by Nathan Boddy
For fifty years, the Bitterroot Mountains of western Montana have been scaled, skied, hunted and traversed by a high mountain creature whose pseudonym says it all: “The Montana Mountain Goat.”
Mario Locatelli, local mountaineer and author, has not allowed his status as octogenarian to dampen his desire to share his stories. His forthcoming book, “From Italy to Hamilton,” only awaits final touches and production. With hopes that it will be available for purchase by late summer, Locatelli expressed that he is not selling the book for profit.
“I’m going to donate everything to the Salvation Army,” he says. “I’ve got plenty of money for the rest of my life.”
Mario Locatelli’s books aren’t the only way people in the Bitterroot know him. Having served for two decades in the Ravalli County Search and Rescue and spearheading the ‘Mountain Goat Marathon’ for charitable fundraising, Locatelli has played an integral role in exposing people to the splendor of the Montana high country. In the forward to Locatelli’s 2010 book, “Hiking With Mario in Montana’s Bitterroot Mountains,” George Corn wrote, “It’s hard for me to think of the Bitterroots for very long without thinking of Mario.”
Mario Locatelli was born in northern Italy, one of 12 children. While he describes his mother as a “sweetheart,” he makes no pretense about his feelings for the abuse he endured at the hands of a very strict father. “I was afraid of him,” he says, adding, “He used to beat us if he’d catch us playing.” Nonetheless, it was his father’s dual citizenship that allowed Mario to immigrate to the United States in the year he turned 16.
Mario’s youth saw his migration northward through California and Oregon, doing a variety of labor jobs from agricultural to demolition. But it was a first ascent of Oregon’s Mt. Hood that gave him a taste for mountain landscapes.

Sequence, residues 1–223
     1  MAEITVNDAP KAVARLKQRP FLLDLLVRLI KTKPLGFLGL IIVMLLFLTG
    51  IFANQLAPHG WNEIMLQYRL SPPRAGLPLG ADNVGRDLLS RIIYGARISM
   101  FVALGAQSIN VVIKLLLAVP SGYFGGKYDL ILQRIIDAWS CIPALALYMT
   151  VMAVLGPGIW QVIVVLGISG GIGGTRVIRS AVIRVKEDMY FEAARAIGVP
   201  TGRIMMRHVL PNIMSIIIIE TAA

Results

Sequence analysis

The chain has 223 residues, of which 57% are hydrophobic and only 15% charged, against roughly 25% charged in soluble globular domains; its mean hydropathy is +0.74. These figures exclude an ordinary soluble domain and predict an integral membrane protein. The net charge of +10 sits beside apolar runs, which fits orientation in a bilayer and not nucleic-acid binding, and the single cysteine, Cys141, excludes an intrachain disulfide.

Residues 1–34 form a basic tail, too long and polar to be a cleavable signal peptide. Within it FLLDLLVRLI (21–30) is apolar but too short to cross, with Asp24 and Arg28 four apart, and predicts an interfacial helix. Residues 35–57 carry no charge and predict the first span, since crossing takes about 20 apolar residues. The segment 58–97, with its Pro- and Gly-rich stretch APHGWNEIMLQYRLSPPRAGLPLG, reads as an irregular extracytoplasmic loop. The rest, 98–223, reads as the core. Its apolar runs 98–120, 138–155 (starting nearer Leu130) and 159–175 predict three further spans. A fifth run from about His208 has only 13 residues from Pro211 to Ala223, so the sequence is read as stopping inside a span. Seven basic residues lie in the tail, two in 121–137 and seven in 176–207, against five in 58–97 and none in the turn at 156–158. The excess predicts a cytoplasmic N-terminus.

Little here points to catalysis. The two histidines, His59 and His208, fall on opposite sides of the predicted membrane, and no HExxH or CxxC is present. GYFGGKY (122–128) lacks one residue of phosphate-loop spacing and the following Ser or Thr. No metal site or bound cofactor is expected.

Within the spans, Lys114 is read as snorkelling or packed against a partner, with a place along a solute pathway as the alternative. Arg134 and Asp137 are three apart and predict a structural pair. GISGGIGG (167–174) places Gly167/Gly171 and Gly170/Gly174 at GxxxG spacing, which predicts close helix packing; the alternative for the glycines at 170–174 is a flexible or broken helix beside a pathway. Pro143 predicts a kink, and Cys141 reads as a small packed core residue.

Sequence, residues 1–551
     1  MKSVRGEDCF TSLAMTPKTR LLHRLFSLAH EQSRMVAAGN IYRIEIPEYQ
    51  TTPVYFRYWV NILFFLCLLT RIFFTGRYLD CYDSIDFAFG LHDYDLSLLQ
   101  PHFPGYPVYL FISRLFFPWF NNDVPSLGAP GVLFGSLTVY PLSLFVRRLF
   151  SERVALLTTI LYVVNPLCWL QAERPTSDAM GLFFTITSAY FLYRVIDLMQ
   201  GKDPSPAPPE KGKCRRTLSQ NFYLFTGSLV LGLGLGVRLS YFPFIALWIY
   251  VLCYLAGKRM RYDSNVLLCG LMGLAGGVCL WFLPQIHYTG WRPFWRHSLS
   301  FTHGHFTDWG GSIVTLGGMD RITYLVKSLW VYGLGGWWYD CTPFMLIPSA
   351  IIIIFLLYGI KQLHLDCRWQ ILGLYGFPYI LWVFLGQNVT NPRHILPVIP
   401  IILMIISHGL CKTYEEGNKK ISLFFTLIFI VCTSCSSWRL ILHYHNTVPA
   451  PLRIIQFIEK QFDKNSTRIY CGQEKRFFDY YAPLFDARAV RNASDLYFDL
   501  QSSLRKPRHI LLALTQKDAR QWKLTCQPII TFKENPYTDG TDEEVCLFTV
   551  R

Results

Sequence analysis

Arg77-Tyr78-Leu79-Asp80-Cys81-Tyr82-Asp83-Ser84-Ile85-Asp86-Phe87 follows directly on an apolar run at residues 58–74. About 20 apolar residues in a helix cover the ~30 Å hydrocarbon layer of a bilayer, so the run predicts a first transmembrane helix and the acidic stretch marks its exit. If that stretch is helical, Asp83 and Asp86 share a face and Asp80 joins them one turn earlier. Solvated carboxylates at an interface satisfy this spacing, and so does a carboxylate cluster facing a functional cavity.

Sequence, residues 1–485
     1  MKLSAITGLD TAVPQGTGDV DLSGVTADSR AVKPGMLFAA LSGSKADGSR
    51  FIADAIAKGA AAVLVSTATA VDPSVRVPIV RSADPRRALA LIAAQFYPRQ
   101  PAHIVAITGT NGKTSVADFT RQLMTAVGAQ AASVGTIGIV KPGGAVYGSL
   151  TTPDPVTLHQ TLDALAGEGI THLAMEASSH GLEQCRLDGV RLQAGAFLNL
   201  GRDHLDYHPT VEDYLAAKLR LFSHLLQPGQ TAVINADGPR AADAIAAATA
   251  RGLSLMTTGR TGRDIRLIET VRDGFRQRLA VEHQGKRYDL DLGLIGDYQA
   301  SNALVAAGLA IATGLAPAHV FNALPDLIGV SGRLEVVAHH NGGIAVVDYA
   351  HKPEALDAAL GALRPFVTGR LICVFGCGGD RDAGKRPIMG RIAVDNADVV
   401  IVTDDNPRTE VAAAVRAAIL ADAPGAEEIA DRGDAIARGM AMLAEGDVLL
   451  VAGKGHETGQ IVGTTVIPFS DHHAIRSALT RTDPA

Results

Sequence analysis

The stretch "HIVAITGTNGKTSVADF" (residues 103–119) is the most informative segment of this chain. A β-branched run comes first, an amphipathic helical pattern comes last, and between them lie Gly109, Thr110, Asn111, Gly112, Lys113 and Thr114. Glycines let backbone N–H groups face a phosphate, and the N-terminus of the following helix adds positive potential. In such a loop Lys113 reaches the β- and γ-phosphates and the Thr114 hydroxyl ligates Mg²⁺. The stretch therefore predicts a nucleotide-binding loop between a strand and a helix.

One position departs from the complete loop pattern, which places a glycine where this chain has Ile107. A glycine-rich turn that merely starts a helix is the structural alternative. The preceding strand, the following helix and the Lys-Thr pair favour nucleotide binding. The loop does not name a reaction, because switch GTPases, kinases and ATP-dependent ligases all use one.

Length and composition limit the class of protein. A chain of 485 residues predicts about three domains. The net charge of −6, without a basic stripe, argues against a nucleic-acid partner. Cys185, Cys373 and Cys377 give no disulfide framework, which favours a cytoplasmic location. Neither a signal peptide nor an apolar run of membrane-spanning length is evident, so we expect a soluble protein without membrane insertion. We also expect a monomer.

“That was my first mountain and I realized I have what it takes to be a good climber,” he says. “I was already 40-some years old.”
It wasn’t long afterward, on a family trip to Montana in 1970, that he made up his mind to call Montana home. He explains that his wife at the time was unhappy following the move, and divorce soon followed. Looking for solace and a new lifestyle, Locatelli, “strapped on his boots and started hiking.”
Mario estimates that he has hiked “over two thousand miles” in the Bitterroot Mountains. “I have hiked every drainage and ridge and nearly every summit on the west side of the Bitterroot Valley.” He aided in the technical rescue of numerous citizens as a member of Ravalli County Search and Rescue, and even survived an avalanche himself in 1981. But the efforts he put forth to establish and operate the ‘Mountain Goat Marathon,’ seem to stand out. Perhaps that is on account of the money raised; nearly $30,000 over its thirteen-year run. Funds were distributed to a variety of causes and entities including Marcus Daly Memorial Hospital, United Veterans Council, the Don Mackey Memorial and the Corvallis Library. The race itself ran the inhospitable ridge line to the north of Lost Horse Creek, starting at the far west end and descending toward the valley floor.
“Usually I brought up the rear,” says Locatelli. “I donated quite a bit of money to Life Flight to keep them in our corner. But we were really fortunate. We only had two broken fingers.”
While Locatelli’s fundraising efforts may have been for others, he has certainly had an eye toward his own achievements as well. His trademark maneuver atop multiple global high spots has been the headstand, a way to put his feet just a bit higher than other climbers.
“In ’04 I was the oldest person to climb McKinley in Alaska,” he says. “I was 71 and a half.” When asked if his record has been beaten, he replied with a notable amount of chagrin, “There was a guy from Anchorage who was 78, but he had his buddy pack all his stuff.”